Elizabeth Weber

From Wikipedia, the free encyclopedia
Jump to: navigation, search
Elizabeth_Weber alt text
Elizabeth Weber

Elizabeth Weber (born June 18, 1923) is the pen-name of Elizabeth Marais (née Elizabeth Olivier).[1] She flourished during a short, intense period of high-quality literary production in Afrikaans between the years 1949 and 1952 (see Bibliography below), after which, apart from translations of children’s literature from English into Afrikaans, and nursery stories in Afrikaans published sometime thereafter, she disappeared from public view.[2]

She was born on June 18, 1923 in Germiston, a small city on the East Rand, to the east of Johannesburg.[3] She matriculated in 1939 from the local English high school, and thereafter took the BA degree at the University of the Witwatersrand with Afrikaans, English and Classics as majors. After a year at a teachers’ training college, she taught Afrikaans until the end of 1947, when she left to work in radio-broadcasting at the Afrikaans Language section of the BBC in London. After a three-year stay abroad, she returned to Johannesburg to an office job with a publisher and book distribution organization, probably the now defunct APB (Afrikaans Pers-Boekhandel) whose headquarters were at 769 Joubert Street in Johannesburg, South Africa.[2] Significantly, the author published her entire oeuvre through APB. She then returned to teaching, after which nothing more is recorded of her work or whereabouts.

She was married to Mr. Sarel Marais, and had two sons of that union.[1] She also had one brother, the Reverend Phil Olivier of Cape Town, who was also an author, and a younger sister who dedicated her life to music [3]

She received honourable mention from the scions of Afrikaans literary critique, Nienaber, Senekal, and Bothma,[4] who, writing in the early 1950s, stated, “... amongst the many writers (especially authoresses) in the field of complex love relationships, Elizabeth Weber, with her understanding of how complex relationships develop, and her gift for being able to express ‘the relative’ in human relations, has produced substantive literary material ...”.

Waar is die liefde?[edit]

Possibly her most acclaimed work, Waar is die liefde? was published in 1950 by APB in their Môrester series. The novel has, as mise-en-scène, the private cabins and decks of a liner en route from Cape Town to England where happenstance and fate all play havoc with a marriage under stress. As a book critic of the now-defunct newspaper, Die Vaderland, wrote, “What the author offers here is presumably the reworking of a trip that she herself had made. It is clear that Elizabeth Weber has a pair of wide-awake, wide-open eyes. She has the ability to rapidly distil and process her observations, and then, in elegant style, to express them”.[5] The density of the language, the torrent of delicate and fine observations, the aura of sense, feeling and sentiments, and the angst of self-awareness in her writing are all reminiscent of the style and intent of Marcel Proust in Remembrance of Things Past".[2]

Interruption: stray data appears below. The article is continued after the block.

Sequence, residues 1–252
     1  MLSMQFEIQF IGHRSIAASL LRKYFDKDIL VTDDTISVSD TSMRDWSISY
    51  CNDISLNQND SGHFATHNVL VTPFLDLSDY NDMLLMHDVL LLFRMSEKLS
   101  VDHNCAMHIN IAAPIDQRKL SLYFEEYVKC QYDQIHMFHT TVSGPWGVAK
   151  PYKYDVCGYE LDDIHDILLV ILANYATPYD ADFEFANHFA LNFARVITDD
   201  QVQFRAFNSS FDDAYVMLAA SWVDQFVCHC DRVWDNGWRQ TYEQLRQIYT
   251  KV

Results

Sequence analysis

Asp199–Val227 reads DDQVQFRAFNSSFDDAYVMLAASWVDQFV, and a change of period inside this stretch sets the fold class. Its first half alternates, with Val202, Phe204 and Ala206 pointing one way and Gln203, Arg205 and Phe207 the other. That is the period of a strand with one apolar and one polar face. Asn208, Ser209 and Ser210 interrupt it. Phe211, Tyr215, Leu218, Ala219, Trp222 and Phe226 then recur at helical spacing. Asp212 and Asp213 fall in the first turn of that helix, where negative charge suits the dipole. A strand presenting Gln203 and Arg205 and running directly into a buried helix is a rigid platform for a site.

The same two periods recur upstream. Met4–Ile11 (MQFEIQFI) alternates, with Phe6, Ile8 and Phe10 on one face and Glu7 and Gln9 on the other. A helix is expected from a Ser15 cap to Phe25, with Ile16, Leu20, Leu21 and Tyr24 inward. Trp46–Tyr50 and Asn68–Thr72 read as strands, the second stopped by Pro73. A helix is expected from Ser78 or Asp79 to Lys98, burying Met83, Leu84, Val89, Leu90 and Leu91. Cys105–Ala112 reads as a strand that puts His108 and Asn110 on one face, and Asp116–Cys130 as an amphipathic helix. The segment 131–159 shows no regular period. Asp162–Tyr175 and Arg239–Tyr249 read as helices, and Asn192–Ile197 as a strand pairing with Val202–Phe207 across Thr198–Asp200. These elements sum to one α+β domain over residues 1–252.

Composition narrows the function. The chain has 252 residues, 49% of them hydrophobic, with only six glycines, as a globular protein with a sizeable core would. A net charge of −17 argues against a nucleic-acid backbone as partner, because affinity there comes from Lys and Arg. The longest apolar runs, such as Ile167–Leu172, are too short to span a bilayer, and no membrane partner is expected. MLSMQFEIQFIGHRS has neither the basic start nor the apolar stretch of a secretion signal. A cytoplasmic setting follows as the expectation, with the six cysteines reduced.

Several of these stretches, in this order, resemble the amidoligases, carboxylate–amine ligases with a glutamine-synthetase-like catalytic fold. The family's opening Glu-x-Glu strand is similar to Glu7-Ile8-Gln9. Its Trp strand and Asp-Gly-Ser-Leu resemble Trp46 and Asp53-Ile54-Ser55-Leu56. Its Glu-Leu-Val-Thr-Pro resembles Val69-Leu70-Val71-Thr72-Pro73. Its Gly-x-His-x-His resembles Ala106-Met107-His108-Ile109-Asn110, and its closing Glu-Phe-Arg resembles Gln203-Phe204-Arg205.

• Weber, E. (1949). Die wëe van haar liefde. Johannesburg: APB (Afrikaanse Pers-Boekhandel)
  • Weber, E. (1950). Waar is die liefde? Johannesburg: APB (Afrikaanse Pers-Boekhandel).
  • Weber, E. (1951). En toe het jy gekom. Johannesburg: APB (Afrikaanse Pers-Boekhandel).
  • Weber, E. (1952). Ons jaag skimme na. Johannesburg: APB (Afrikaanse Pers-Boekhandel).

Compilation of short stories[edit]

Weber, E. (1952). Die hart van ‘n vrou. Leesgenotreeks Nr. 3. Johannesburg: APB (Afrikaanse Pers-Boekhandel):

  • "Die ontmoeting." pp. 5-21.
  • "Willempie." pp. 21-31
  • "Die verduideliking." pp. 32-42
  • [missing information. pp. 42-54]
  • "Tannie Louise." pp. 54-68

Translations of children’s literature[edit]

  • Weber, E. (19- ?). Black Beauty. Johannesburg: APB (Afrikaanse Pers-Boekhandel).
  • Weber, E. (19- ?). Robinson Crusoe. Johannesburg: APB (Afrikaanse Pers-Boekhandel).
  • Weber, E. (1957). Die verhaal van Hiawatha. Johannesburg: APB (Afrikaanse P-Boekhandel).

Children’s Nursery Tales[edit]

  • Weber, E. (19- ?). Sprokies. Johannesburg: APB (Afrikaanse Pers-Boekhandel).
  • Weber, E. (19- ?). Tyd om te speel. Johannesburg: APB (Afrikaanse Pers-Boekhandel).
  • Weber, E. (19- ?). Hokus Pokus. Johannesburg: APB (Afrikaanse Pers-Boekhandel).
  • Weber, E. (19- ?). Veels geluk, Hettie. Johannesburg: APB (Afrikaanse Pers-Boekhandel).
  • Weber, E. (19- ?). My oulike baba. Johannesburg: APB (Afrikaanse Pers-Boekhandel).
  • Weber, E. (19- ?). My sprokie-teater. Johannesburg: APB (Afrikaanse Pers-Boekhandel).


  1. ^ a b Weber, E. (1957). “Ek is bly ek lyk nie meer mooi nie”. Unidentified newspaper (probably Die Vaderland) dated 27 September 1957 held in the archives of the NALN (Nationale Afrikaanse Letterkundige Museum Navorsingsentrum) President Brand Street, Bloemfontein (Orange Free State Province), South Africa.
  2. ^ a b c Weber, E. Where is love? Translated by Colyn Davey. Work-in-progress.
  3. ^ a b Weber, E. (undated, circa 1951). "Biographie: Elizabeth Weber." Two-page A4 typewritten manuscript held in the archives of the NALN (Nationale Afrikaanse Letterkundige Museum Navorsingsentrum) President Brand Street, Bloemfontein (Orange Free State Province) South Africa.
  4. ^ Nienaber, P.J., Senekal, J.H. and Bothma, T.C. (no date). Mylpale in die geskiedenis van die Afrikaanse letterkunde. Second revised edition. Johannesburg: APB (Afrikaanse Pers-Boekhandel, pp. 177-178. Translated by Colyn Davey.
  5. ^ Die Vaderland (1950). “Liefde wat bloei op ‘n boot”. Book review in “Oor Boeke” in Die Vaderland, 19 December 1950. Translated by Colyn Davey.